Friday, 17 April 2020

Never Judge a Book by its Colour

I've received a couple of questions about William Watson, one of whose poems featured here the other day, mainly along the lines of "Who he?". Well, he is now a somewhat obscure literary figure - deservedly so if the example of his work which I posted is anything to go by - who first came to my notice because he was born in Burley-in-Wharfedale, the village half way between Otley and Ilkley. Sir William, as he apparently was, nearly became Poet Laureate on more than one occasion, but didn't. He did however contribute to The Yellow Book, which is the other reason I had vaguely heard of him. The Yellow Book was a quarterly publication whose contributors included all sorts of fin de siècle luminaries such as Henry James, W.B. Yeats, H.G. Wells and so on; and has cropped up in a number of books that I have read, most recently David Lodge's 'Author, Author' which is about James. It appears that the cover colour and the name was chosen because that was the generic term at the time for salacious French novels - one such features in the story of Dorian Gray's descent into decadence - and they wanted to be cool by association. 

Note the exchange rate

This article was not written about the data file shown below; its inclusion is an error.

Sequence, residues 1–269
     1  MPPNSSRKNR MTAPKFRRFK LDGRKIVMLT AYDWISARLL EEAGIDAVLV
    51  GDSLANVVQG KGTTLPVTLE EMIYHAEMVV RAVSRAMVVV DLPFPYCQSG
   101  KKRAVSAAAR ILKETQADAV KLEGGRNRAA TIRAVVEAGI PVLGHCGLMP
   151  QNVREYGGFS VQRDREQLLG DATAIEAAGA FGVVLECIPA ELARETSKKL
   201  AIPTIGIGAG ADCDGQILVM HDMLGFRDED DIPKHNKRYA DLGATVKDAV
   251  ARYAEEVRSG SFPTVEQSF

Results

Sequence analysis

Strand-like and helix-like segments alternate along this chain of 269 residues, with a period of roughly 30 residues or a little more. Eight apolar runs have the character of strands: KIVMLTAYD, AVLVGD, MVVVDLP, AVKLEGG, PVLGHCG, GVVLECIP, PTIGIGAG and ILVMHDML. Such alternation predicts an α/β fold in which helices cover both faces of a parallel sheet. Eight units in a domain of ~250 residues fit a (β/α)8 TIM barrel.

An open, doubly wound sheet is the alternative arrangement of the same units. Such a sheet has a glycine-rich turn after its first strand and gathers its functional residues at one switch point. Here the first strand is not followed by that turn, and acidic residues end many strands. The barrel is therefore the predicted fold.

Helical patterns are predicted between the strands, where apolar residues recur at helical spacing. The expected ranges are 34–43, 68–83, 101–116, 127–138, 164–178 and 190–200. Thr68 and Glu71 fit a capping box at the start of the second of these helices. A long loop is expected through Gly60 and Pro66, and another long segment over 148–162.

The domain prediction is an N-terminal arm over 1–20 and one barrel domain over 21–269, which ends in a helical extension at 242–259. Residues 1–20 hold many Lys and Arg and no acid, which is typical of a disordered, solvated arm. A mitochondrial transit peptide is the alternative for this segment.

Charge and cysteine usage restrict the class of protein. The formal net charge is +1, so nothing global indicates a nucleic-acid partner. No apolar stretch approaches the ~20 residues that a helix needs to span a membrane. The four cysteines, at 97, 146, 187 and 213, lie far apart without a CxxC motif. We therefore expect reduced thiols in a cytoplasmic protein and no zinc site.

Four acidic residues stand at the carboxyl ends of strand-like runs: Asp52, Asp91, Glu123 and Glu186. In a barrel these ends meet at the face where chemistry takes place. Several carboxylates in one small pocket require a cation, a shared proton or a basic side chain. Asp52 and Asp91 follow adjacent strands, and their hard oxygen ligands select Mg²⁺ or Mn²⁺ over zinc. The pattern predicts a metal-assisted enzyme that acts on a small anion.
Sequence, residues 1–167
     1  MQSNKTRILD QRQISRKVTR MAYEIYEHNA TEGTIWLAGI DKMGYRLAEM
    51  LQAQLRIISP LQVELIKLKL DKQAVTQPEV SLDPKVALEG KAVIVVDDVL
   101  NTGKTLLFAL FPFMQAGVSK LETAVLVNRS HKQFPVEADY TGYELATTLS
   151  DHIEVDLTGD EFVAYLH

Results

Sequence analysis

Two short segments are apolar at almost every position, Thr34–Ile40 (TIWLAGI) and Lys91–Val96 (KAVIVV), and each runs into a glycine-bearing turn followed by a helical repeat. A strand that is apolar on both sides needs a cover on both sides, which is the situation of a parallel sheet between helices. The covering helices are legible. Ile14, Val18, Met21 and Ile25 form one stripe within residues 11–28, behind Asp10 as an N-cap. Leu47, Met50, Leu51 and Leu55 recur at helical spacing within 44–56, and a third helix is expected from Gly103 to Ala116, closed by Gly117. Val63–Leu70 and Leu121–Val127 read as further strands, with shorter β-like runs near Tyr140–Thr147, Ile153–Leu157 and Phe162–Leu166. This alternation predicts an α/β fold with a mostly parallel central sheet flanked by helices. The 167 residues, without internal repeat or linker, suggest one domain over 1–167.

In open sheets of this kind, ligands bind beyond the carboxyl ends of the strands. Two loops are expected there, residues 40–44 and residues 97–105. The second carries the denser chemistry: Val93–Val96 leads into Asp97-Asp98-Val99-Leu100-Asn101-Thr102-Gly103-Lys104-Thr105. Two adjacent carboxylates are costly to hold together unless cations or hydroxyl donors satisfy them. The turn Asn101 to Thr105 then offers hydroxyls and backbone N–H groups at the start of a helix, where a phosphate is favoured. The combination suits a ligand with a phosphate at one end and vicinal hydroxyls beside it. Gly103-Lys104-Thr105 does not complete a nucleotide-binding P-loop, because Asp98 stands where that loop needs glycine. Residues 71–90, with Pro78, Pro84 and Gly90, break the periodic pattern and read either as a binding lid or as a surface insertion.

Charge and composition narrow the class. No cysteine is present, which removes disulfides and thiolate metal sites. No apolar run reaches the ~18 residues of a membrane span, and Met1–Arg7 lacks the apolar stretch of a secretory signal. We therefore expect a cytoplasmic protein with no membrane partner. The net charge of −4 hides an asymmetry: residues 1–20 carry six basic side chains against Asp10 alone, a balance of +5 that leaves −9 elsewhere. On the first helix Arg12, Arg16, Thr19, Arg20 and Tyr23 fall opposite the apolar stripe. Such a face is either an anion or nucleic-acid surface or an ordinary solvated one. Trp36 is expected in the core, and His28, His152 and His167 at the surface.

As a bit of research I have dipped into an edition - the one whose cover appears above - and must report that it hasn't aged well. It opens with another terrible poem by Watson - the Lower Wharfe Valley is not to poetry what it is to wargaming - and then moves on to a pretty unreadable essay by James. I am aware that my own prose style is somewhat convoluted, full of ellipses, subordinate clauses and whatnot, but James makes me look like Ernest Hemingway in comparison. On top of that he sprinkles his work with untranslated French phrases in italics; not terribly comme il faut if you ask me.

Their marketing ploy backfired somewhat in the end. Oscar Wilde turned up to one of his trials clutching a racy novel recently arrived from Paris, but the colour of the cover made everyone assume that it was The Yellow Book itself. Given that Wilde was about to go to prison for gross indecency what they found they had actually achieved was to appear débauché by association with him.

“Morality is simply the attitude we adopt towards people we personally dislike.” - Oscar Wilde

Here's a faux French phrase that might have livened up Henry James' article: A woman walks into a pub and asks for a double entendre, so the barman gives her one.

1 comment:

  1. I assume this is where the phrase ' the yellow press' comes from ?